On the evening of March 24, 2007, I was at 35,000 feet aboard an Air Jamaica flight to Los Angeles. I work there, though my home is in the Rose Hall
district of Montego Bay, in a community known as Barrett Town. I had left my wife, daughter, granddaughter and grandson behind, for the 14th time in two years,
intending to return in two months, as usual. But when I reached LAX and called my wife to say I’d landed safely, she had this shocking, tear-filled news:
“Jaheim dead! Oh God,’im dead, man! . . .”
She was referring to our 5-month-old grandson, Jaheim Miller. Without even leaving the terminal building, I turned around and booked flight on the same plane,
heading back to the island. I reached a-yard by 8 a.m. The family, which included three elder sisters, their husbands, and fifteen
chindren and grandchildren, was in complete shock, of course. It took me awhile to get
the full story of the accident.
It happened on the deadend dirt road up above our house on the hillside. My niece who was babysitting for my daughter, who was at work as a chef at Ritz-Carlton
MoBay. The niece was carrying the baby up her steps to the road when her knee gave out.
To keep from dropping the baby, she gave him to her 11-year-old son. He walked the baby down the road to his grandma’s home. Not far from her gate, he was struck from
behind by a pickup being backed down the road in the dark with no rear-view mirror, and the driver was deaf, dumb, and retarded. He’d been given the pickup to wash,
which he does for a living. The pickup struck down my nephew and ran over his leg. The boy lost control of the baby and dropped him . . . and the truck subsequently ran over
the baby’s head, killing him instantly. The nephew, oddly, did not even suffer a broken bone; but my grandson was dead.
The entire town went into mourning, and as is the Jamaican custom, undertook a “dead yard” process that lasted most of a week. I had been to dead yards before, but
was never part of the berieved family; now I saw what it was all about from the inside.
Dead yard is a kind of public wake, to help the family and the community come to grips with their grief. Friends, neighbours, and well-wishers come by every night
for sound system music, dominoes, drink, smoke, and food; and they stay, very late into the night. The night before the funeral is the biggest dead yard celebration.
Everybody shows up — even all the taxi drivers who ply the road to town. In our case, because of this particularly tragic death, hundreds of people showed up. And the
story ran in the Gleaner and the Mirror (see photos), so wherever we went in MoBay people seemed to know. I was amazed at the universal outpouring of condolence and
support. The saying, “It takes a village,” could never be more true than it is here.It’s as if everyone we’d ever met is now a permanent family member.
Round the clock, for a week, care was given to the berieved. Everything and anything we needed miraculously appeared. Barrett Town is a struggling middle-class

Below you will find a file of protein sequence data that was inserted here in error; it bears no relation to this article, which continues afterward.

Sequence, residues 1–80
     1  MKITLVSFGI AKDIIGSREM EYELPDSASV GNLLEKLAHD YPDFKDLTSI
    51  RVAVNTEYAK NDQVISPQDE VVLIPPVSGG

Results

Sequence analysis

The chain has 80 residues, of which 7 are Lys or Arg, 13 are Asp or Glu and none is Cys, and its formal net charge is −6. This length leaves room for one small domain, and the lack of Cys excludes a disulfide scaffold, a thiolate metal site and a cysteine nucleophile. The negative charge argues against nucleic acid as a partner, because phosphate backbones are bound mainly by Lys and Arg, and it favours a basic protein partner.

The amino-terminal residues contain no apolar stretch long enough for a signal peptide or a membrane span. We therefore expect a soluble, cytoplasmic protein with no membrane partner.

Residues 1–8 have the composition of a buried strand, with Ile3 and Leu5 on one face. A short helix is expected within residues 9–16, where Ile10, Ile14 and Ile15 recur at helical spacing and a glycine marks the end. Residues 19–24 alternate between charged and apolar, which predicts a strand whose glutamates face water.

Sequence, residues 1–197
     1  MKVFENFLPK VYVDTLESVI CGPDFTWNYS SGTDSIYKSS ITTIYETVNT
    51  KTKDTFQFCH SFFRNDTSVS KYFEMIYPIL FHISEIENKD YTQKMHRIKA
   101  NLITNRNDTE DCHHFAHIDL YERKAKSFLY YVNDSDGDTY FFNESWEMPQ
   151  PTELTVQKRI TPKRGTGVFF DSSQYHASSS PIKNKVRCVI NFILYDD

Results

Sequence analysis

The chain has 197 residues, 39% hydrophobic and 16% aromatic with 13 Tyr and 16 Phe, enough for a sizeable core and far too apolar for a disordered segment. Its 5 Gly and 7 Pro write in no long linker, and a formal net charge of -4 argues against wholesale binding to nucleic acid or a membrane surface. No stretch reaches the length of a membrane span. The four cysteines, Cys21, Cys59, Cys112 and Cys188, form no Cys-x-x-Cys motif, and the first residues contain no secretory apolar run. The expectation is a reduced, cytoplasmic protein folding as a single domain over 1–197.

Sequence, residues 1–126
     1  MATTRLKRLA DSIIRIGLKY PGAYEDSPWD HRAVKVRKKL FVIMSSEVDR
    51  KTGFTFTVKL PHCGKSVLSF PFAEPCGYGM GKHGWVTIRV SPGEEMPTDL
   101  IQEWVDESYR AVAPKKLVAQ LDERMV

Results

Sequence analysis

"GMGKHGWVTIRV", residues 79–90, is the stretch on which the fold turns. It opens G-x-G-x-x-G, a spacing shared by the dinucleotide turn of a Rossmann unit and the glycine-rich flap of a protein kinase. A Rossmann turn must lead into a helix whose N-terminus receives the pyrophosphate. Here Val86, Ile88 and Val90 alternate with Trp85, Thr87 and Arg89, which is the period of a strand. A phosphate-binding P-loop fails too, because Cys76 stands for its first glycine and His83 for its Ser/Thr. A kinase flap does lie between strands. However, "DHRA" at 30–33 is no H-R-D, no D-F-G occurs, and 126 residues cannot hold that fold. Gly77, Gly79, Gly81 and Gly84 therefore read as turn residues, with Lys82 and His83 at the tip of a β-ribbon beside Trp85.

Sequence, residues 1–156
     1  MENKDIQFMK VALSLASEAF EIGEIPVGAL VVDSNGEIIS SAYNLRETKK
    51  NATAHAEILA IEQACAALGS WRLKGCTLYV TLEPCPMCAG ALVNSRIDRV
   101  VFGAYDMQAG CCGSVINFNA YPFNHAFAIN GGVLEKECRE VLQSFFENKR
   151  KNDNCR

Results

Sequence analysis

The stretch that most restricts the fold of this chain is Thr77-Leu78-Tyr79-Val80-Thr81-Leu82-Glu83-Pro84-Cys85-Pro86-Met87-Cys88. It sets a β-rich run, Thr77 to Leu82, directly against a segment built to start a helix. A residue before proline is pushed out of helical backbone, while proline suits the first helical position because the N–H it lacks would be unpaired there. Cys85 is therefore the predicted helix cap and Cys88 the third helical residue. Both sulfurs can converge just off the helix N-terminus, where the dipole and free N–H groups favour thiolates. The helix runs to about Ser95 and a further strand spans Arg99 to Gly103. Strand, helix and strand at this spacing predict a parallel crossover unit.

neighborhood barely above the poverty line economically; but suddenly anything that was needed was found and delivered quickly, with no thought of favouritism or
compensation whatever. This is TRUE community love at work.
And it extended beyond the community. Ritz-Carlton brought in a moving van full of food and drink, and fed the entire town! Usually more people come to dead yard
than there is food to serve, but not this time. Many visitors were blessed with a third plate! And not to stop there, an entire busload of Ritz chefs appeared at the church
service, dressed in full chef gear, including the tall hats. It was so beautiful an act that we all cried all over again.
Then there was the ritual of the grave. I spent an entire day at the cemetery with the gravediggers — bredrin and nephews — and photographed the entire process.
Though it was a solemn affair, we found many moments of joy and laughter just being together and sharing the odious task of making a grave for a tiny baby.
Last but certainly not least, the burial itself was a massive community effort, with the church pastor following the proscribed ritual of song and sermon, which
kept everyone calm and focused. God bless that man!
Two things strike me now as exemplary about this process, as experienced Jamaican style: One, the children are included from the first, encouraged to talk about the
loss and accept it as part of life, shown everything from morgue photos to grave-making; and two, it is a thoroughly “organic” process, wherein everyone plays
care-taker, therapist and grief counsellor — especially the elderly, who are respected no
end for their wisdom and years of hard life experience.
Little Jah Jah is gone from us, but his passing gave us a renewed zest and appreciation for life. I have always loved Jamaica to the core of my being, but now
that love has grown manyfold, and I find I not only love Jamaica “to death,” but well beyond it. I am gratified to know that when it’s my time to go, my passing will
trigger yet another beautiful display of honest, heartfelt love among my community.
Wherever the future leads Jamaica, I trust this aspect of the culture will never die. If it does, though, they had better throw the best dead yard the island has